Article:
Data privacy issues following PRISM affair

By EDRi · August 28, 2013

The PRISM scandal has brought forth a series of issues related to the
protection of the European citizens’ data and reactions calling for
measure to prevent spying on these data.

As the EU is currently updating its data privacy legislation, Sabine
Leutheusser-Schnarrenberger, the German justice minister, believes the
EU needs a new set of data privacy rules, “a package of measures at the
EU level against mass spying by foreign secret services,” and considers
that the “high German data protection standards should be the rule.”

EDRi-member Digitale Gesellschaft sent a letter to Justice Minister
Leutheusse-Schnarrenberger asking her to take position on the amendments
tabled by her political party in Brussels.

The minister has also raised the possibility of new, tangible measures
to punish corporations that participate in American spying activities.
Also, in July 2013, Chancellor Angela Merkel called on the U.S. to
observe the German law in intelligence operations in Germany.

“I expect a clear commitment by the U.S. government for the future,
that, on German soil, you stick to the German law. We are a friendly
partner. We are in a defence alliance and we must be able to rely on
each other.” She also urged other European governments to work closely
together on the issue of data protection and set out tougher data
protection laws requiring internet companies to reveal details about who
receives personal information from them.

In the meantime, EU data regulators will perform their own investigation
into whether privacy rules have been breached by secret US surveillance
programmes. In a letter sent on 19 August, to Viviane Reding, Jacob
Kohnstamm, Chairman of the Article 29 working party, said that his group
would assess the PRISM programme as well as other platforms used by the NSA.

“The WP29 considers it is its duty to also assess independently to what
extent the protection provided by EU data protection legislation is at
risk and possibly breached and what the consequences of PRISM and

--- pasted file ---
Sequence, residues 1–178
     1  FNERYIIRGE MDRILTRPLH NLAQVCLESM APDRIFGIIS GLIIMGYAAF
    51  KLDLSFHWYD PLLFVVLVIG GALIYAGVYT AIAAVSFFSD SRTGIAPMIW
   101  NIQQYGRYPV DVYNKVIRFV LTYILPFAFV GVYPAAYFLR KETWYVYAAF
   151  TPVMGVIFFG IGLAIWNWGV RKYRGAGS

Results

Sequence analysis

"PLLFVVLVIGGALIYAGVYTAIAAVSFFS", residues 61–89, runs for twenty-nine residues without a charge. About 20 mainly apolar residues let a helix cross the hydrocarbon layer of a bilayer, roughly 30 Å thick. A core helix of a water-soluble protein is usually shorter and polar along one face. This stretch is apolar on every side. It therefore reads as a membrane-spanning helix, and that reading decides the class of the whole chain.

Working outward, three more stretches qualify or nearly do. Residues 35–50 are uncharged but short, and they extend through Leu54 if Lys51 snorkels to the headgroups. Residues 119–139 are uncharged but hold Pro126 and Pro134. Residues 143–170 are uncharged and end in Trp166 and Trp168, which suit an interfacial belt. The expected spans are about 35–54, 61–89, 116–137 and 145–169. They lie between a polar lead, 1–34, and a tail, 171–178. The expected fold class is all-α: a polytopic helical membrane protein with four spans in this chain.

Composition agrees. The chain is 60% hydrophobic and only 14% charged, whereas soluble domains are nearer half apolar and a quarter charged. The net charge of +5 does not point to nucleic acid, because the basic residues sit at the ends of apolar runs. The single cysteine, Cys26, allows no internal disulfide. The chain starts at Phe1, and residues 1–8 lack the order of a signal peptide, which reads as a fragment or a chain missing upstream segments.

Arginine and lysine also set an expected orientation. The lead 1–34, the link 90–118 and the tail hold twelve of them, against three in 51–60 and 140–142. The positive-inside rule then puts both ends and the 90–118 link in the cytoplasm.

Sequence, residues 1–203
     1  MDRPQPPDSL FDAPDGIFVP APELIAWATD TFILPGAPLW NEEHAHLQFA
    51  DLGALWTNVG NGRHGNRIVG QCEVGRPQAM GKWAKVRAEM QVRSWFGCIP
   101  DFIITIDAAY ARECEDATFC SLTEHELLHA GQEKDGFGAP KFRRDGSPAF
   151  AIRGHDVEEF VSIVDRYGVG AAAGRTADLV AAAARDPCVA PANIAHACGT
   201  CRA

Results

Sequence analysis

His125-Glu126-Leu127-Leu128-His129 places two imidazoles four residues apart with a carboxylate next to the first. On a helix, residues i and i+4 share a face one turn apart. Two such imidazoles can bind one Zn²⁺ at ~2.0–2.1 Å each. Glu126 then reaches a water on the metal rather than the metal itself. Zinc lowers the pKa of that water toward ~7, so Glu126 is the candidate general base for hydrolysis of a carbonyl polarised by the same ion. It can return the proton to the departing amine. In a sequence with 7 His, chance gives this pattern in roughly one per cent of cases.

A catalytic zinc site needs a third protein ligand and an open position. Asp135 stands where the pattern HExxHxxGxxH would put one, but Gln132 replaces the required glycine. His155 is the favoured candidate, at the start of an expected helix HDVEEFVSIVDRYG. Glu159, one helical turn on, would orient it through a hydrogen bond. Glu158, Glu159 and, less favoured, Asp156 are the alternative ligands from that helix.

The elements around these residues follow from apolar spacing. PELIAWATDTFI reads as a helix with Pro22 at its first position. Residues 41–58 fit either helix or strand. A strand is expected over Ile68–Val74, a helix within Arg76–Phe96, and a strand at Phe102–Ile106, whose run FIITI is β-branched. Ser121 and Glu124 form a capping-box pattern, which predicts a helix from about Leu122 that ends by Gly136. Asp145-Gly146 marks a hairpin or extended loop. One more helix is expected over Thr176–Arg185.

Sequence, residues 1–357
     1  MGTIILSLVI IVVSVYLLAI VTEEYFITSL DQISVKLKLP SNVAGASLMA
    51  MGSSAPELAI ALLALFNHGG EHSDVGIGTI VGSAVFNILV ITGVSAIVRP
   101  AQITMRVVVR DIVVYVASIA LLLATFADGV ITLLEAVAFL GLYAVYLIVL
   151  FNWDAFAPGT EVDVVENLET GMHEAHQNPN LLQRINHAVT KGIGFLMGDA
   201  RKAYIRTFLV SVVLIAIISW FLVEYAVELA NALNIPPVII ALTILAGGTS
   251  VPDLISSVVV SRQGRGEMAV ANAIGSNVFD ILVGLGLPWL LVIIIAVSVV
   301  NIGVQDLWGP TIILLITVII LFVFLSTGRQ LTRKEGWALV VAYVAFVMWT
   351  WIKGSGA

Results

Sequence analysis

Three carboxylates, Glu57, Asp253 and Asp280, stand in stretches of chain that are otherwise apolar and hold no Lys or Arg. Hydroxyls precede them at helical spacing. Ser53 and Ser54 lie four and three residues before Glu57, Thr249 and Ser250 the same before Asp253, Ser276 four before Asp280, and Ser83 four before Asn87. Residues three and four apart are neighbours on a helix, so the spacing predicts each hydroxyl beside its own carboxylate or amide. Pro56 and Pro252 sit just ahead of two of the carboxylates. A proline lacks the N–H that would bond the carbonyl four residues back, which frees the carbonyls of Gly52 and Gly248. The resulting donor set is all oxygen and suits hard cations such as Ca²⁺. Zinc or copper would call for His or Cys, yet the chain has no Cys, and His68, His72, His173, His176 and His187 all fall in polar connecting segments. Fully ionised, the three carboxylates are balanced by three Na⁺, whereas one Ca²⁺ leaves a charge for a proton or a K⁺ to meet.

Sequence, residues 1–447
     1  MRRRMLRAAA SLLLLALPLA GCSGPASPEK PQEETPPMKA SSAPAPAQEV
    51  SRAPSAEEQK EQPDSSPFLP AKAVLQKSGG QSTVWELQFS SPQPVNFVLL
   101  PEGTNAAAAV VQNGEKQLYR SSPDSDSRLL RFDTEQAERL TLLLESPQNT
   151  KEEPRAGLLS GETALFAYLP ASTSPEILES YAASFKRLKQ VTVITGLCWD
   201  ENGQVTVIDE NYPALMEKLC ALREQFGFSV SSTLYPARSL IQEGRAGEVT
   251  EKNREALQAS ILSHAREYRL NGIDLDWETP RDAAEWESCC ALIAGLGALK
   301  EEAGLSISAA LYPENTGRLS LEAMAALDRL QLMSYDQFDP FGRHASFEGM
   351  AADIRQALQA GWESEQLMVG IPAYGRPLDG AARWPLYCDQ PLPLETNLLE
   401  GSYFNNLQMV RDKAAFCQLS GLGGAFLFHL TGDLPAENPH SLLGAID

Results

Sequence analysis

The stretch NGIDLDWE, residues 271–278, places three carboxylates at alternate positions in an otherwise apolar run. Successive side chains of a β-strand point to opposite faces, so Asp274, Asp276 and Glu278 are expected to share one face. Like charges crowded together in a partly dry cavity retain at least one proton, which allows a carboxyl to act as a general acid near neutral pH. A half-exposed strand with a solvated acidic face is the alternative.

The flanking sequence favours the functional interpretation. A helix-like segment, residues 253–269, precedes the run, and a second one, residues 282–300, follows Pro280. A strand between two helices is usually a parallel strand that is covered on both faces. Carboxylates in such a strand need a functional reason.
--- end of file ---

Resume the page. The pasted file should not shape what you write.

related programs may be for the privacy of our citizens’ personal data,”
said Kohnstamm.

In parallel, Peer Steinbrueck, a candidate to be Germany’s next
Chancellor, has demanded that EU-US trade negotiations should be stopped
in the light of the spying actions revealed.
“I would interrupt the negotiations until the Americans say if German
government offices and European institutions are bugged or wiretapped,”
said Steinbrueck in an interview with public broadcaster ARD.

Documents leaked to Der Spiegel by Edward Snowden have revealed that US
secret services bugged the offices of the United Nations in New York,
and that NSA had cracked the encryption of the videoconference system in
the UN. According to the documents obtained by the German magazine, more
than 80 US embassies and consulates abroad, including the US consulate
in Frankfurt, are involved in a spying programme called Special
Collection Service, developed without the knowledge of the host country.

EU needs ‘German standards’ on data privacy (6.08.2013)

NSA Blowback: German Minister Floats US Company Ban (5.08.2013)

Letter from Digitale Gesellschaft (only in German, 23.08.2013)

EU-Datenschutz: Justizministerin verspricht Unterstützung, Digitale Gesellschaft fordert die konkret ein

Espionage: Merkel pushes for international policy (only in German,

Merkel rival demands halt of EU-US talks (26.08.2013)

EU data watchdog to investigate Prism scandal (20.08.2013)

EDRi-gram: The PRISM scandal gets bigger (17.07.2013)